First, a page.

Science Fair Project Encyclopedia
Haka is the generic name for Maori dance.
It is an action chant, often described as a "War Dance", but more a chant with hand gestures and foot stamping, originally performed by Warriors before a battle, proclaiming their strength and prowess and generally abusing the opposition.
In modern times, the haka is used in a number of situations. The most famous modern use is its regular performance by New Zealand representative Rugby Union (the All Blacks) and Rugby League teams before commencing a game. It is also performed at certain state functions, such as the welcoming of foreign dignitaries.
Origin of the Haka
According to Maori mythology, the Sun God, Tama-nui-to-ra, had two wives, the Summer maid, Hine-raumati, and the Winter maid, Hine takurua. The child of Tama-nui-to-ra and Hine-raumati, Tane-rore is credited with the origin of the dance.
The All Blacks' haka
According to legend the particular haka used by the All Blacks (The Kamate haka) dates to 1810 when Chief Te Rauparaha of the Ngati Toa tribe was being chased by enemies. He hid in a food-storage pit. He climbed out to find someone standing over him, who, instead of killing Te Rauparaha, turned out to be another chief friendly to Te Rauparaha. In relief Te Rauparaha performed a haka with the words—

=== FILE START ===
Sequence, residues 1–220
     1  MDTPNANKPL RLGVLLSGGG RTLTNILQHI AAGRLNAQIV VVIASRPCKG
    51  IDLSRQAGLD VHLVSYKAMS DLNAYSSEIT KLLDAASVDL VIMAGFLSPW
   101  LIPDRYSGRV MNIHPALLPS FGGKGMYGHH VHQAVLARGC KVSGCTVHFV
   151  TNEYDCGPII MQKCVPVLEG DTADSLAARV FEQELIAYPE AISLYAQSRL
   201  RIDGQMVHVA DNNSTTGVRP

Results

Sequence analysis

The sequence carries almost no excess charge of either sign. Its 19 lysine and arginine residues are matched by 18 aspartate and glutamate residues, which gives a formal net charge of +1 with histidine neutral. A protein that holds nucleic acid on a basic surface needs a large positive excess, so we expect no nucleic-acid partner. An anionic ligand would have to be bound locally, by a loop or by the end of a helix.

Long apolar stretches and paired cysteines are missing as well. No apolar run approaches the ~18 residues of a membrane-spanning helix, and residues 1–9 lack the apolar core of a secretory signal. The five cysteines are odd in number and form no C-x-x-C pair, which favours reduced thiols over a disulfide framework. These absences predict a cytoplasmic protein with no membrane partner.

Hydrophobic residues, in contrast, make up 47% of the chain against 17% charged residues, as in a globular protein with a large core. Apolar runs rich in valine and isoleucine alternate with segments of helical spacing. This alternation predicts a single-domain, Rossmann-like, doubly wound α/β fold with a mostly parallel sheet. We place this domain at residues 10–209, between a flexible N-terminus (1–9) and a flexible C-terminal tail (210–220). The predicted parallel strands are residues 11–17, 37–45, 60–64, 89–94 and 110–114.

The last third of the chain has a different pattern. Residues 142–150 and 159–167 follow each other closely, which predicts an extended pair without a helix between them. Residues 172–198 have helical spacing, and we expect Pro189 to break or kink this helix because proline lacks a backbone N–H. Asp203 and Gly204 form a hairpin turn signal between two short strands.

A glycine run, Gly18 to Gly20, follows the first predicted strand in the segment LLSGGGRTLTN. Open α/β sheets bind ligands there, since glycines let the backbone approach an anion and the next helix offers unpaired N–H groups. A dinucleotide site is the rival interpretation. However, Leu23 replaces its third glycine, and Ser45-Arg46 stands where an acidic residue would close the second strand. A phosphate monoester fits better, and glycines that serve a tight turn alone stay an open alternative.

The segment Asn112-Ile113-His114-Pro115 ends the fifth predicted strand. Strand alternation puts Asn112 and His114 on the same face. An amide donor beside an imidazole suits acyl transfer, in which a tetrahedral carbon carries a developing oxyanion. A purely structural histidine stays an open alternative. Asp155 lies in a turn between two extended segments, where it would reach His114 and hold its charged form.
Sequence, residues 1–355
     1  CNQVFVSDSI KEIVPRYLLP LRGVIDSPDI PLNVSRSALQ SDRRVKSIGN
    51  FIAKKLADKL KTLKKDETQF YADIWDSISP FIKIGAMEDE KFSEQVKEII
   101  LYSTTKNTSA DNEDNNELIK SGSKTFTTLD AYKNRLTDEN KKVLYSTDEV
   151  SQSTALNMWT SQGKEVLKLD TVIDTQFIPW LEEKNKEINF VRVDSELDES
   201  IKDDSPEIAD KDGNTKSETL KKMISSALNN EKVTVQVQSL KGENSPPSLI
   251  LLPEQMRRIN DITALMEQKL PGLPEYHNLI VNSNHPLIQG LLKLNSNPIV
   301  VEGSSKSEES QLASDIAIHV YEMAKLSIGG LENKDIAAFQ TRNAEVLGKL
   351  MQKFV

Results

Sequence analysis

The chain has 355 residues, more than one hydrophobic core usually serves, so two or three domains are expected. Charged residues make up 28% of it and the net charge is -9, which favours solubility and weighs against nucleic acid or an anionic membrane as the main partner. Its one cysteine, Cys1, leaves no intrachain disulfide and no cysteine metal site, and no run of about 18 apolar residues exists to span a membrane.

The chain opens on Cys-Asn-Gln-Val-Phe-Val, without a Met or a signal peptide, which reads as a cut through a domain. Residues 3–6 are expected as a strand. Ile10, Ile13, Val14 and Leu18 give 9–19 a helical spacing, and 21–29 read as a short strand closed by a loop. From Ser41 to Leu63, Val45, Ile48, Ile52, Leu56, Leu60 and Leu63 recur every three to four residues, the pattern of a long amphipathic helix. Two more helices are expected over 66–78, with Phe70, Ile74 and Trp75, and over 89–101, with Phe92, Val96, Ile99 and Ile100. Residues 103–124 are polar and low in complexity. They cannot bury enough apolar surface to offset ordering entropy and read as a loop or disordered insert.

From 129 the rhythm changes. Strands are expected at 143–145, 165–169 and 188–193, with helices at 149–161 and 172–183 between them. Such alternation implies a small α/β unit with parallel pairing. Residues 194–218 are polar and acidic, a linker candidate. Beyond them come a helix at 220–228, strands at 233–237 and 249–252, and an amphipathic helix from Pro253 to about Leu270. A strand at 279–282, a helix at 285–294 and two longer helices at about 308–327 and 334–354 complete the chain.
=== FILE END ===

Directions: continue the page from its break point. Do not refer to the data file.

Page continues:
It is death, it is death: it is life, it is life; this is the man who enabled me to live as I climb up step by step toward sunlight.
These words are still used today.
- The 2003 Schools Kapa Haka Nationals held at Hopuhopu November 28, 29 Nga Whakataetae Kapa Haka o te Motu mo nga Kura Tuatahi, Waikato 2003. Competition results and photos can be found here. Congratulations to Te Wharekura o Ruatoki on their first placing overall, with Manutuke School a close second place and Te Kura Kaupapa Maori o Bernard Fergusson coming third in an awesome Kapa Haka weekend.
- Lyrics, video and history of the All Black Haka
- All Blacks Official site on the Haka
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